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Take it Outside Planner: Rainbow Springs State Park, mini lobster season, headlamps

SPOTLIGHT: Rainbow Springs State Park

With the kids out of school, now is a good time to explore Florida's original water parks, the more than 700 springs that beckon with cool, clear water. One of the best is the Rainbow River, a stunningly beautiful system of springs about two hours north of Tampa. It's popular with snorkelers for its remarkably clear water but also for inner tube trips, canoeing, kayaking, camping and walking some of the most scenic nature trails in Florida. Archaeological evidence indicates that people have been using Florida's fourth-largest spring for nearly 10,000 years. Canoes and kayaks can be rented at the headsprings, where tubing is not allowed. Tubers launch at a special entrance on SW 180th Avenue Road about 2 miles north of County Road 484 in Dunnellon. For state park information, call (352) 465-8555. For inner tube rental see

BRIGHT IDEA: Head lamps

With the days getting hotter, maybe it's time to switch on a light and try night hiking. Some nighttime runs, like this Saturday's Moon Over Croom trek on the Croom Trails at Withlacoochee State Forest north of Brooksville, require head lamps, for good reason. The primary advantage of a head lamp over flashlights or a lantern is that it leaves your hands free. You can pick up a Petzl Tikkina for less than $20 at outdoor stores or online, and it earns raves for long battery life at a bargain price. But if you spend $20-$25 more, you can get a durable tool with a dramatic beam distance. The Black Diamond Spot, about $40, is waterproof, which comes in handy with our unpredictable storms, and has a feature called Power Tap to adjust brightness with a tap of the finger. If you are headed to the Croom Trails, you'll find a well-marked 7-mile loop and glow sticks marking the course. Registration is $40-$70 at for the 6 p.m. Saturday run starting at Tucker Hill Fire Tower, 26416 Croom Road, Brooksville. (813) 232-5200.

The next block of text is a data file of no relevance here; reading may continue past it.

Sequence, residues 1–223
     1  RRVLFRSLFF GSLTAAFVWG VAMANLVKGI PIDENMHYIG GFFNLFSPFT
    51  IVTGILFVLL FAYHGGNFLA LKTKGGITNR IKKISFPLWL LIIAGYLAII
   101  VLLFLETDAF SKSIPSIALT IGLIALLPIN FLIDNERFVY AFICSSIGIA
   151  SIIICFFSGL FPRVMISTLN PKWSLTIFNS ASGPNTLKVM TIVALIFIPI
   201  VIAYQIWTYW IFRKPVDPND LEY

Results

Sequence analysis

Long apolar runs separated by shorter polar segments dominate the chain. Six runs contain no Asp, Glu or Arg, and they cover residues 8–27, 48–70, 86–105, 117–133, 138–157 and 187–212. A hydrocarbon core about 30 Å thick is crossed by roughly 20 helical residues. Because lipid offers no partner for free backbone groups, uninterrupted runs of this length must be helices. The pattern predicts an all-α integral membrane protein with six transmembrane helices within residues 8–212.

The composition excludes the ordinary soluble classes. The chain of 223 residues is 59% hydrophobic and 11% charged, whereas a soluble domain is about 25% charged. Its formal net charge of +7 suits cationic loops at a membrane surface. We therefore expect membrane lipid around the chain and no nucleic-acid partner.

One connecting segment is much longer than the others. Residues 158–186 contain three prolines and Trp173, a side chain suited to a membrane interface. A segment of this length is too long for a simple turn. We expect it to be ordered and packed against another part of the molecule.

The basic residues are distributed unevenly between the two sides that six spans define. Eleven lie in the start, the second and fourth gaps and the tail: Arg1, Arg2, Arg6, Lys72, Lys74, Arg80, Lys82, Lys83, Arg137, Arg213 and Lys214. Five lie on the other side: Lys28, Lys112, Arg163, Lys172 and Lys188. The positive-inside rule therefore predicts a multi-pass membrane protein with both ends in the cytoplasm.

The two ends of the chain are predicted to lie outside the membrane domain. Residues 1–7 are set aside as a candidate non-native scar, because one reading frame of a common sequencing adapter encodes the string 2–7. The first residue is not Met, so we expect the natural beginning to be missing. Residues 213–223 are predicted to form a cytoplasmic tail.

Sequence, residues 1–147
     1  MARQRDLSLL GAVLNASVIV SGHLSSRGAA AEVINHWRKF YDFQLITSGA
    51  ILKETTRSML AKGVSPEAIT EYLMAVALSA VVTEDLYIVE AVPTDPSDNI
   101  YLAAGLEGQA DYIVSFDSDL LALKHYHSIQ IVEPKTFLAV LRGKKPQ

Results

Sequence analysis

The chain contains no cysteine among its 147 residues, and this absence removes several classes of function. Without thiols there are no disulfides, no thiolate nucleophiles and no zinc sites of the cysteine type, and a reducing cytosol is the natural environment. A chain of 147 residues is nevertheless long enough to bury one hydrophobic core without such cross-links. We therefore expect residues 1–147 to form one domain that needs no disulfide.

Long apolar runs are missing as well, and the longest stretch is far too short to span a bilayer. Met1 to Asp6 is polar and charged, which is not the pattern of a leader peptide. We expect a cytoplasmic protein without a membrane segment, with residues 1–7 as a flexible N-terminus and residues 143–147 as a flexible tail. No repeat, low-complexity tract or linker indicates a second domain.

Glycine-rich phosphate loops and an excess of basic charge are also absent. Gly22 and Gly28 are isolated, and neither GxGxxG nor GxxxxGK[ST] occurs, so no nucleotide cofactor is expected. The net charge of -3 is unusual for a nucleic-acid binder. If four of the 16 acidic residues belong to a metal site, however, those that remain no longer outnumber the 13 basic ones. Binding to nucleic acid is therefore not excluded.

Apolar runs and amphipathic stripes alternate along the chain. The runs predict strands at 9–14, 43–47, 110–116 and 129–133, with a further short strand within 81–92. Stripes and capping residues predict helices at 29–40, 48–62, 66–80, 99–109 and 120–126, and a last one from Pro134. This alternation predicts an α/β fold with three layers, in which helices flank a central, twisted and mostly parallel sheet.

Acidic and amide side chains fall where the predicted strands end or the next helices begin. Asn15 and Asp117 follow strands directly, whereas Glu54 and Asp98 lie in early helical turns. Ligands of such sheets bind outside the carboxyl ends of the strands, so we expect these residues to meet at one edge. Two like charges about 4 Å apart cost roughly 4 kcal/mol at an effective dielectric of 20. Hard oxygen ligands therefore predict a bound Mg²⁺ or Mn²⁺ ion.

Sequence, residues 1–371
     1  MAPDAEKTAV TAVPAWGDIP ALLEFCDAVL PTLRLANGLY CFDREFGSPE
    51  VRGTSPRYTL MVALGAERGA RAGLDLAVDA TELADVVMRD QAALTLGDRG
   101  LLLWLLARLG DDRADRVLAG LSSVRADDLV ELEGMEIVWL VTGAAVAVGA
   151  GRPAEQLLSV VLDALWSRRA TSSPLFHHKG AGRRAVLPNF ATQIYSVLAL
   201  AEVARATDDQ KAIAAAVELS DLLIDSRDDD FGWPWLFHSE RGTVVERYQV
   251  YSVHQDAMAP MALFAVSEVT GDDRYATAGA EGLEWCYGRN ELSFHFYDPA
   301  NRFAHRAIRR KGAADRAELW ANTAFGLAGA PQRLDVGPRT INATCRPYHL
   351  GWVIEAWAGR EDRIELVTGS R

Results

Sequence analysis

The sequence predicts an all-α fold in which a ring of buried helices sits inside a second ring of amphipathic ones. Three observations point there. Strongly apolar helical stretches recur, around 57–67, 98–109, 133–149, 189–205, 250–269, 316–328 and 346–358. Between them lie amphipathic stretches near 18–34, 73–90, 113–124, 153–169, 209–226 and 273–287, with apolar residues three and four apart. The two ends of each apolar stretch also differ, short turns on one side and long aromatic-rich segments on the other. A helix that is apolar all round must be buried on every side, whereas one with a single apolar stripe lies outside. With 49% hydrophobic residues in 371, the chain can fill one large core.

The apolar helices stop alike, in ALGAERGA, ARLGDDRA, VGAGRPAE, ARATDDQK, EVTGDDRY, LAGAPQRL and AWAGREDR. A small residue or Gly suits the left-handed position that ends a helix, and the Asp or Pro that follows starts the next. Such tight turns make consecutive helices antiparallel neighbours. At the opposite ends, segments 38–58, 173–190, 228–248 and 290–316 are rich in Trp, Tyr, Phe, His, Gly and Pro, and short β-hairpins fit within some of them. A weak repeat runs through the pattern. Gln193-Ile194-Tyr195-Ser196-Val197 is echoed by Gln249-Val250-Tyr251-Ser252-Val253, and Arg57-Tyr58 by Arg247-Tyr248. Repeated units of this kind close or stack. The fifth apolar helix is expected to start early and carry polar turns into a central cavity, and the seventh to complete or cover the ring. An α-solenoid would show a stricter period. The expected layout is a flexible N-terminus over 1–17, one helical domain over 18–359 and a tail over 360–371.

BUG HUNT: Mini lobster season ahead

Every July the coastal areas of Florida are flooded with lobster hunters trying to get their share of this year's bounty when the official mini lobster season kicks off. The next two-day mini season is July 27-28. Why are we telling you about this now? If you plan to head anywhere between Key Largo and Key West for the lobster mini season, hotels book up in advance, so start dialing now. The Caribbean spiny lobsters are masters of camouflage and can be hard to find. In Tampa Bay, lobster hunters have to work at greater depths, usually 80 feet or more, so divers and snorkelers head to the Keys where the lobsters can sometimes be found in 10 feet or less. The regular eight-month lobster season is Aug. 6 through March 31. If you can't get Keys reservations, try Jupiter, Palm Beach, Fort Lauderdale and Miami for lobstering grounds that aren't as crowded. Check for regulations and bag limits.

Contact Sharon Kennedy Wynne at Follow @SharonKWn.

Take it Outside Planner: Rainbow Springs State Park, mini lobster season, headlamps 06/15/16 [Last modified: Wednesday, June 15, 2016 11:16am]
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